A New Answer to the Most Important Fiscal Question

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The most important question in fiscal policy is also the most difficult: how, as a practical matter, to combine short-term accommodation with a credible commitment to medium-term restraint. In the US, this is something nobody much likes to discuss. Liberals don't want to talk about medium-term restraint (except for raising taxes on the 1%) and conservatives don't want to talk about short-term accommodation (they want tax cuts, but they always want tax cuts). I'm not a member of the austerity-now school but they have a point when they say--as Britain's Tories did when announcing their severe budget cuts--that the only way to make a promise of future restraint credible is to start at once. If that's wrong, as I hope it is, what's the alternative?

One possibility I've mentioned before is greater reliance on automatic stabilizers. Martin Wolf, discussing British fiscal policy, has another suggestion, though he rather buries it toward the end of the piece:

The starting point must be to stick to the announced cuts in current spending. If that is brought down to sustainable levels, even relative to a pessimistic view of potential output, credibility should be ensured. But temporary tax cuts could promote spending: national insurance charges and value added taxes are obvious candidates... When the government can borrow at real interest rates of below zero, good, time-limited investment projects must make sense. [My emphasis.]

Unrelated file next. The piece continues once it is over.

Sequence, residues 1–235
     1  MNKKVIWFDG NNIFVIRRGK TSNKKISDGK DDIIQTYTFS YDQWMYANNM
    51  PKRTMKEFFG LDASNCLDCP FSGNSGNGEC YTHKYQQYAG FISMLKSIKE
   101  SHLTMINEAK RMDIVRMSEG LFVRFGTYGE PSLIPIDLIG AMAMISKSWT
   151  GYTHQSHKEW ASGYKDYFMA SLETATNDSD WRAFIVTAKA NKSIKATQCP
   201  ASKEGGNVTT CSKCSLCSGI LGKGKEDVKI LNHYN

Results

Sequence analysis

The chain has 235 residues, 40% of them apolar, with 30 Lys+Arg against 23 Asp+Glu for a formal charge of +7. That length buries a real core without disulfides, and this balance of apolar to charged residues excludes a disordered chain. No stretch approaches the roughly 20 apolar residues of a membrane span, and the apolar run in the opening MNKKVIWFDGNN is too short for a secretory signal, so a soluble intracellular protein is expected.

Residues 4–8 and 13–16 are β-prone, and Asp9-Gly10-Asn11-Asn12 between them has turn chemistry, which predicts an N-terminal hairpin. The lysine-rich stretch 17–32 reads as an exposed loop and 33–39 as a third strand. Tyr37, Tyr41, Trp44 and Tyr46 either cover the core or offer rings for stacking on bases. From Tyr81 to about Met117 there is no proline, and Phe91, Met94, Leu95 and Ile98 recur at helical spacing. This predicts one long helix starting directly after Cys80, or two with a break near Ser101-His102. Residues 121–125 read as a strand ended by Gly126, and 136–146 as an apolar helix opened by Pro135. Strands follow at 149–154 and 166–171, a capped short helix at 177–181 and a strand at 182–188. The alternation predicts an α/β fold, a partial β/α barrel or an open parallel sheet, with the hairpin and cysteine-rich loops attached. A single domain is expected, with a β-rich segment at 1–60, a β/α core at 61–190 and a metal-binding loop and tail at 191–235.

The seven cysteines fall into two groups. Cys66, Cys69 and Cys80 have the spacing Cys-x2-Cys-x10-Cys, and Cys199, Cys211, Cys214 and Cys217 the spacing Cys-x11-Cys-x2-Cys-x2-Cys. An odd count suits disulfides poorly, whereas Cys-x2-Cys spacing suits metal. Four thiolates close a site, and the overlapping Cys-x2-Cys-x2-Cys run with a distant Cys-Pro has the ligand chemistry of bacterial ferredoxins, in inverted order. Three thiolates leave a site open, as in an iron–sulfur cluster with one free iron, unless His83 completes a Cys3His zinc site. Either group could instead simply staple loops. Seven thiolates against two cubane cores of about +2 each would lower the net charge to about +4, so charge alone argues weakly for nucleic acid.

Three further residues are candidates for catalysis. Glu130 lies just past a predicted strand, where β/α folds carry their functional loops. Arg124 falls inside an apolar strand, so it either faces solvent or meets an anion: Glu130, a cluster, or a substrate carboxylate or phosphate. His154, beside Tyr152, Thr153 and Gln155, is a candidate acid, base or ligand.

Britain's position is different from America's of course. Their spending cuts have already been announced, which alters the political calculation: the US isn't starting from the same place. Nonetheless, how about it? Cut ongoing programs immediately by enough to fix the long-term problem, then provide the necessary fiscal accommodation through temporary tax cuts (payroll tax) and new infrastructure projects (time-limited by nature).

Wolf says it probably won't happen in the UK. It probably won't happen in the US either. The question is, should it? Wolf has a wide following among US liberals because he has argued so effectively against over-zealous fiscal tightening. Paul Krugman loves to quote him. I'd be interested to know what they make of "the starting point must be to stick to the announced cuts in spending".

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Clive Crook is a senior editor of The Atlantic and a columnist for Bloomberg View. He was the Washington columnist for the Financial Times, and before that worked at The Economist for more than 20 years, including 11 years as deputy editor. Crook writes about the intersection of politics and economics. More

Crook writes about the intersection of politics and economics.

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